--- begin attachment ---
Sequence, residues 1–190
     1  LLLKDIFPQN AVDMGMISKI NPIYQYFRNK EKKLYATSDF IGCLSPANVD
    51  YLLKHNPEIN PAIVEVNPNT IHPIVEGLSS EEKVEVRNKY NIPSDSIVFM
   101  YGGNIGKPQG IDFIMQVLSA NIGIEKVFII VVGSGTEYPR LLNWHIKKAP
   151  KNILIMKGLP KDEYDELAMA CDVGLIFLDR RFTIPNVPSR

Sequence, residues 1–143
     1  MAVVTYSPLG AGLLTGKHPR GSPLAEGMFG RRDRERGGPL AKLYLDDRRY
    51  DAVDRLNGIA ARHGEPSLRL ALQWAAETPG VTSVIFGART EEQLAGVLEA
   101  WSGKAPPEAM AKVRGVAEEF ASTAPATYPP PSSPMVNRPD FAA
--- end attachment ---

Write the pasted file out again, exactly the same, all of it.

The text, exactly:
Sequence, residues 1–190
     1  LLLKDIFPQN AVDMGMISKI NPIYQYFRNK EKKLYATSDF IGCLSPANVD
    51  YLLKHNPEIN PAIVEVNPNT IHPIVEGLSS EEKVEVRNKY NIPSDSIVFM
   101  YGGNIGKPQG IDFIMQVLSA NIGIEKVFII VVGSGTEYPR LLNWHIKKAP
   151  KNILIMKGLP KDEYDELAMA CDVGLIFLDR RFTIPNVPSR

Sequence, residues 1–143
     1  MAVVTYSPLG AGLLTGKHPR GSPLAEGMFG RRDRERGGPL AKLYLDDRRY
    51  DAVDRLNGIA ARHGEPSLRL ALQWAAETPG VTSVIFGART EEQLAGVLEA
   101  WSGKAPPEAM AKVRGVAEEF ASTAPATYPP PSSPMVNRPD FAA